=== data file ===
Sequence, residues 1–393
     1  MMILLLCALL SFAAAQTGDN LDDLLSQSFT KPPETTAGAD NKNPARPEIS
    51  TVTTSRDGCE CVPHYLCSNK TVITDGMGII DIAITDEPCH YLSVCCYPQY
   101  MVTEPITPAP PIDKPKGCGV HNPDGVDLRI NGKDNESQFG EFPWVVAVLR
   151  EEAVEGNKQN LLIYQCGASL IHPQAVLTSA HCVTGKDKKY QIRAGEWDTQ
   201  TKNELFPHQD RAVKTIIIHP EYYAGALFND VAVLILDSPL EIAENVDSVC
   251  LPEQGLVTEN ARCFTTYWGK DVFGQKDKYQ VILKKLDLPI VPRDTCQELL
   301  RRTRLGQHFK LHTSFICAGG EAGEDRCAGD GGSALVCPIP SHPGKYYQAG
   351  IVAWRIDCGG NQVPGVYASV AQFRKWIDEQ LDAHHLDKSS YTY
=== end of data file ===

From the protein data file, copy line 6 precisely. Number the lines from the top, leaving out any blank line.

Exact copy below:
   201  TKNELFPHQD RAVKTIIIHP EYYAGALFND VAVLILDSPL EIAENVDSVC